I am the guardian of my elderly mother(in alzheimers care). Now my lawyer is suggesting a guardian ad litem. Why would I need a guardian ad litem, and is it required in Mass?
In general a guardian ad litem is appointed by the court when there is something to investigate on behalf of the incapacitated person - for instance to review an accounting by the guardian, or the sale of real estate. If the Court appoints a guardian ad litem in a case then you would need to cooperate with them and provide them with the requested information.
Without more information, it's hard to tell why one was appointed in your case, or why your attorney thinks one may need to be appointed.See question
My nephew was killed a few months back and we are all at a loss. Does my sister need to set up an estate? If so can it be done with no expense? Either way is there a step by step guide in laman terms that we can go by? Is there anyone in our area ...
Very often the probate court in the county where the estate would be open (where you nephew resided before his death) will have a "Lawyer of the Day" program, where attorneys volunteer to help people with their legal paperwork.
The probate court in Worcester County is here:http://www.mass.gov/courts/courtsandjudges/courts/worcesterprobmain.html
You should call the court ahead of time to make sure there will be a lawyer of the day, and bring your nephew's death certificate and will, if he had one, along with any information you can find about his bank accounts or other finances.
If he lived in a different state or county, you can look up the probate court for that state online.See question
medicaid placed a lien on her house 5/2004 but it should have been exempt as lookback was 3 years then. What steps do I have to take to ensure the home is not taken by Medicaid?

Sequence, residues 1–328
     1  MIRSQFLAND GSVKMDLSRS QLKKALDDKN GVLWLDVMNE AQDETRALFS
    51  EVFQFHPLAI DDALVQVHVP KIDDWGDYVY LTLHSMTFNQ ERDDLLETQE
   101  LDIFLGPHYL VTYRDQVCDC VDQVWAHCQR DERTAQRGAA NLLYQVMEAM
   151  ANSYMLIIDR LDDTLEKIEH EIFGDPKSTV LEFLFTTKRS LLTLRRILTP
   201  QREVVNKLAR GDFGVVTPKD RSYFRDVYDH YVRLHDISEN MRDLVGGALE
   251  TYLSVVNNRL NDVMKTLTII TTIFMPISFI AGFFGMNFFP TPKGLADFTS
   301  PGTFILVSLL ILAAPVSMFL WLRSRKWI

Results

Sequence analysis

In general, when she passed away the life estate (and accompanying lien) were both extinguished and ownership of the home passed to the remainder person (the other person listed on the deed.) You should record a copy of her death certificate so that it is clear to anyone purchasing the house that the life owner has passed away.
It may be worth it to have an attorney review things just to be sure you aren't missing anything that might affect the title to the home.See question
my mother may have to go into a nursing home in Mass. I was told that she will have to loose her house to pay for the nursing home. can this be avoided?
There generally are things that can be done to help protect your mother's house, and protect her as well (by making sure that someone has the legal authority to act on her behalf if she becomes unable.) The nursing homes will not give you this information, you need to seek advice from an attorney who practices in this area (and in Massachusetts.) The solutions available are very dependent on the facts in each individual circumstance, so you'll need to meet with an attorney to make sure they have all the information before advising you.
I am in Hingham and assist clients with these matters.See question
Elderly never married aunt passed away. She had no children either. Will has apparently now been filed by her lawyer. We had asked to see will at time of burial. Found out that deed to house was altered two years ago to include lawyer in joint ten...
I agree with Nancy. And even if the house is the only asset, the will must still be filed with the probate court, even if a formal probate is not opened. Keep in mind that you do not need to sign the assent that the attorney sent you, if you do not want him to be appointed executor.See question